US 3402409 A
Description (OCR text may contain errors)
Sept. 24, 1968 A, F. KAIN CHILD GUARD Filed Nov. 25, 1966 United States Patent Oifice A 3,402,409 Patented Sept. 24, 1968 3,402,409 CHILD GUARD Arthur F. Kain, 1927 Seminole Trail,
Lakeland, Fla. 3380.3 Filed Nov. 25, 1966, Ser. No. 597,071 1 Claim. (Cl. --331) ABSTRACT OF THE DISCLOSURE A guard formed from a pair of thin, rigid panels. One panel has aligned slots along one edge. This panel is inserted horizontally between the mattress and the box spring member of a bed. The other panel is arranged upright at the side edge of the mattress and has integral prongs extending from its lower edge for insertion into the slots of the horizontal panel.
The present invention relates to guard devices designed to prevent small children frorn falling oif beds or elengated seats While sleeping thereon. The invention is particularly advantageous when used With a bed having a side pushed against a wall when it is desired to use the bed for a young child who objects to sleeping in a crib.
An important object of the invention is to provide a simple, economical and easily constructed guard device designed for instant use With beds or seats of the type having removable mattresses or cushions, or for use in instances, such as traveling by automobile, when a separate mattress or cushion may be placed upon the auto seat.
A further object is to provide an efficient child guard which may readily be produced entirely from plywood, pressed board or plastic panels, without the necessity of including metallic or other types of components which might have projections which could cause injury to persons, or which mght snag fabrics or mar the finish of furniture.
A stili further object of the invention is to provide a guard which may be formed from two completely flat panels, free from projections, thus enabling the panels to be eflectively transported by positioning them flatwise in a very narrow space Within the trunk of a car or in a carrying case.
Additional and more specific objects and advantages of the present invention Will become apparent as the descripton proceeds.
In the drawing:
FIGURE 1 is a perspective view sh0wing the assernb1ed child guard in place upon a bed;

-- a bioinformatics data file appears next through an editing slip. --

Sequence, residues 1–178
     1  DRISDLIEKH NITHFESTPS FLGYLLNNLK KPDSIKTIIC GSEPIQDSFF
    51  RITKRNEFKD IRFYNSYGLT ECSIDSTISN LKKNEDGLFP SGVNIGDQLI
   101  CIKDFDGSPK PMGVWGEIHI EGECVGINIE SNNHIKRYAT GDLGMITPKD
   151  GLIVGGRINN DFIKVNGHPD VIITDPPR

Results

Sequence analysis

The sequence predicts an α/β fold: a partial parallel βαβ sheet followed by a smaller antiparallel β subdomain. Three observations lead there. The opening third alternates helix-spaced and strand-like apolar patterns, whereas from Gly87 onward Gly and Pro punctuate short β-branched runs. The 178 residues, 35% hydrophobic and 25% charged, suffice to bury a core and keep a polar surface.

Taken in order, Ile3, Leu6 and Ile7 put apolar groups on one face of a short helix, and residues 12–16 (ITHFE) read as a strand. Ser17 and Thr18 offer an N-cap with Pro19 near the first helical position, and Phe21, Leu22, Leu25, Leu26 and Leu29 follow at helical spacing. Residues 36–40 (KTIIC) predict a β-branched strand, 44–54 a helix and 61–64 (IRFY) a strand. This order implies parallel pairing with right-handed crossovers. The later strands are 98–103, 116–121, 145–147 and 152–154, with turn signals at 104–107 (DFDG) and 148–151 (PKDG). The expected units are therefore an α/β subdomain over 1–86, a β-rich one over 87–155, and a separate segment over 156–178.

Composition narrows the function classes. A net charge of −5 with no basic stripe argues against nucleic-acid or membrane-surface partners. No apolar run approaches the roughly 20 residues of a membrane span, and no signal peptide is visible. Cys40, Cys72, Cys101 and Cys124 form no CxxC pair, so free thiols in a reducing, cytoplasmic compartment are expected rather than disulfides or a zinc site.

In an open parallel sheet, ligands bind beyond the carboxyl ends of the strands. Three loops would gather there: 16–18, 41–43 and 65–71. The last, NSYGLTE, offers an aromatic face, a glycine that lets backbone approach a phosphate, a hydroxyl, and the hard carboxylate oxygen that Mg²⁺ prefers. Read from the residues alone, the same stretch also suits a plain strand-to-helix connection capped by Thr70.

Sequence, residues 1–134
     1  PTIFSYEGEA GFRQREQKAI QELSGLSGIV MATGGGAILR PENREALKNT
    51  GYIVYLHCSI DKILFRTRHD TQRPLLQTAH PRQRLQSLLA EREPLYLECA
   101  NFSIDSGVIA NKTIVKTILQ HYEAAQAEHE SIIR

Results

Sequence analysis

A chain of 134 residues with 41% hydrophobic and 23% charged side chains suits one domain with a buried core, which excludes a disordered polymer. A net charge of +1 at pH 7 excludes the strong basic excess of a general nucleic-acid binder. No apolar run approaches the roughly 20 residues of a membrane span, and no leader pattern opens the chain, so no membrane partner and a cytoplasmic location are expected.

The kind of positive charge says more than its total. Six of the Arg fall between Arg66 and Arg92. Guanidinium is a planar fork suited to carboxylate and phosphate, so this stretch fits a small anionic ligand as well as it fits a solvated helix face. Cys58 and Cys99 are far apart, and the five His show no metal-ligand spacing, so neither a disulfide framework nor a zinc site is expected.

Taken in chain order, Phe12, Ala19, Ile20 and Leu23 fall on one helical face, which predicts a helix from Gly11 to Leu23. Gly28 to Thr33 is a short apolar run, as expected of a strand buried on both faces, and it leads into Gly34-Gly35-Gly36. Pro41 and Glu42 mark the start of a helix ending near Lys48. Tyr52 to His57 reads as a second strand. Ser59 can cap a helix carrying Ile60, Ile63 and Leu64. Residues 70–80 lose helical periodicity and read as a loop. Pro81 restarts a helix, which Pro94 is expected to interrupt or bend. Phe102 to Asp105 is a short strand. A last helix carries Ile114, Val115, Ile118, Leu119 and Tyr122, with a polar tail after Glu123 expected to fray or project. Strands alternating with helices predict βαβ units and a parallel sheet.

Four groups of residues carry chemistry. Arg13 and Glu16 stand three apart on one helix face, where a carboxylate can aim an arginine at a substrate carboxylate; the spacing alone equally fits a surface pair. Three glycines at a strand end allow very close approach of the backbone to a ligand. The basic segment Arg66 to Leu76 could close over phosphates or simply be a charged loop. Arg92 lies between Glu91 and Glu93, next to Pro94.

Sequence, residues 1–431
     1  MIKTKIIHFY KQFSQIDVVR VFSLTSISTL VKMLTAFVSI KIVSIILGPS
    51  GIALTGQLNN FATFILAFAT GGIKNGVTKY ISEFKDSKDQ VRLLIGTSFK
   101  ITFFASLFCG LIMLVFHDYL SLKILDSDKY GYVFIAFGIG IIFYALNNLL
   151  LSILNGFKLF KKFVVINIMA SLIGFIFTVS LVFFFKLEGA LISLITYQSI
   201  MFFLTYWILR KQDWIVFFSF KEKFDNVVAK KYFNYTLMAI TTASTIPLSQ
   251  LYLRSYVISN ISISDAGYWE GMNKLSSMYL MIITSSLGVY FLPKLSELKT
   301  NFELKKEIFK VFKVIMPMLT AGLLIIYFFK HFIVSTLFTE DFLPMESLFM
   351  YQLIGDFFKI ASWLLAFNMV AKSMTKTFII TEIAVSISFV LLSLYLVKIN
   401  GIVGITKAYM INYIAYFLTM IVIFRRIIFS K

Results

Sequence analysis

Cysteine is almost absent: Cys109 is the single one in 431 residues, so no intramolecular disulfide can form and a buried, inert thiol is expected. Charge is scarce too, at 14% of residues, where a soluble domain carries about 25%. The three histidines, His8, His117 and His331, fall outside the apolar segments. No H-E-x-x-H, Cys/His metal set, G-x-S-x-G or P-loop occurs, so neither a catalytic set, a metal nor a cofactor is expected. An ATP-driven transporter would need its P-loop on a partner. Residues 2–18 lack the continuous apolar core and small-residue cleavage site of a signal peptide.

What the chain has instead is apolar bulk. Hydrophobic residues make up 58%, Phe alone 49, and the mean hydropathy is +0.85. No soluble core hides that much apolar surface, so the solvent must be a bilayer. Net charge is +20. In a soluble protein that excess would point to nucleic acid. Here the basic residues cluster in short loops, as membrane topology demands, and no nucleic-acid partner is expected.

FIGURE 2 s a perspective view showing the guard panels stored flat beneath 9. bed mattress;
FIGURES 3 and 4 are perspective views showing, respectively, the vertical panel and the horizontal panel, and indicating their positions just prior to assembly.
The guard device, as herein illustrated, comprises a panel member 1, designed to be supported in upright position, and a panel member 2, which supports the member 1 and is intended to be held in horizontal position beneath a rriattress 3, forming part of a bed, indicated as a whole at 4. The bed illustrated comprises a base portion S, such as box springs, having a generally vertical side face 6.
Means are provided for securing the panels together and, for this purpose, panel 1 is preferably provided with one or more prong elements, indicated at 7, 7, which may conveniently be formed as integra] projections on the edge of the panel 1. The panel 2 is formed near one edge with slots S, 8 to receive the prongs 7, 7.
When it is desired to assemble the guard device With a bed, the panel 2 is inserted between the mattress 3 and the box spring portion 5 of the bed to lie flatwise under such mattress, and so that the slots 8 are Ieft exposed at the edge of the mattress. The prongs 7 of panel 1 are then 1nserted into the slots 8. The panel 2 is then preferably pushed inward slightly to bring the prongs up Snugly against the side face 6 of the box spring portion 5 and to bring the surface of panel 1 which is above the panel 2 snugly against the edge of the mat'tress, thus serving to retain the panel 1 in a relatively firm, upright position. Any outward pressure applied against the panel l, such as would be caused by a child rolling against it and tending to forse the panel to swing outwardly, is resisted by the movement of the prongs 7 against the face 6 of the box spring portion. That is, the prongs 7 tend to swing inwardly against the face 6 when the main part of panel 1 is forced outwardly.